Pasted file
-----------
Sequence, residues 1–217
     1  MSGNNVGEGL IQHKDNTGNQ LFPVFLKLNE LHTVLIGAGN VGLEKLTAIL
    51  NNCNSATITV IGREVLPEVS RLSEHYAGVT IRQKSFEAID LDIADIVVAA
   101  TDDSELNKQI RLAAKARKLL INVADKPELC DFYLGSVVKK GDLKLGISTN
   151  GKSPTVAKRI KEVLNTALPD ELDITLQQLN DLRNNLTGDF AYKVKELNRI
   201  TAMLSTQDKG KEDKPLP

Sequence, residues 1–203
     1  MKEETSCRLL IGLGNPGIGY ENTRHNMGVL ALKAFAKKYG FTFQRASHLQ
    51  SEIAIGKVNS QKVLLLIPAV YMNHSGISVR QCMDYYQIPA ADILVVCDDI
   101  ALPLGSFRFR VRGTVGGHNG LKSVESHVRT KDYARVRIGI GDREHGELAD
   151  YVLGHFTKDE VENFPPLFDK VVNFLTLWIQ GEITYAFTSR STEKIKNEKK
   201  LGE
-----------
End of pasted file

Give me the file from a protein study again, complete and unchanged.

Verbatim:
Sequence, residues 1–217
     1  MSGNNVGEGL IQHKDNTGNQ LFPVFLKLNE LHTVLIGAGN VGLEKLTAIL
    51  NNCNSATITV IGREVLPEVS RLSEHYAGVT IRQKSFEAID LDIADIVVAA
   101  TDDSELNKQI RLAAKARKLL INVADKPELC DFYLGSVVKK GDLKLGISTN
   151  GKSPTVAKRI KEVLNTALPD ELDITLQQLN DLRNNLTGDF AYKVKELNRI
   201  TAMLSTQDKG KEDKPLP

Sequence, residues 1–203
     1  MKEETSCRLL IGLGNPGIGY ENTRHNMGVL ALKAFAKKYG FTFQRASHLQ
    51  SEIAIGKVNS QKVLLLIPAV YMNHSGISVR QCMDYYQIPA ADILVVCDDI
   101  ALPLGSFRFR VRGTVGGHNG LKSVESHVRT KDYARVRIGI GDREHGELAD
   151  YVLGHFTKDE VENFPPLFDK VVNFLTLWIQ GEITYAFTSR STEKIKNEKK
   201  LGE